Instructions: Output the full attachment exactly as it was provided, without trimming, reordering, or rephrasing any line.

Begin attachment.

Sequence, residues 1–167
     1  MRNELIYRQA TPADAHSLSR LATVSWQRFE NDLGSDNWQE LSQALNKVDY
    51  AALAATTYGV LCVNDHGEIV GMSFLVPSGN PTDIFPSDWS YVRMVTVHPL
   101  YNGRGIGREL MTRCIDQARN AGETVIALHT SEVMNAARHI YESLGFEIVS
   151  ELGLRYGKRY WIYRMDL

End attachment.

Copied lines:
Sequence, residues 1–167
     1  MRNELIYRQA TPADAHSLSR LATVSWQRFE NDLGSDNWQE LSQALNKVDY
    51  AALAATTYGV LCVNDHGEIV GMSFLVPSGN PTDIFPSDWS YVRMVTVHPL
   101  YNGRGIGREL MTRCIDQARN AGETVIALHT SEVMNAARHI YESLGFEIVS
   151  ELGLRYGKRY WIYRMDL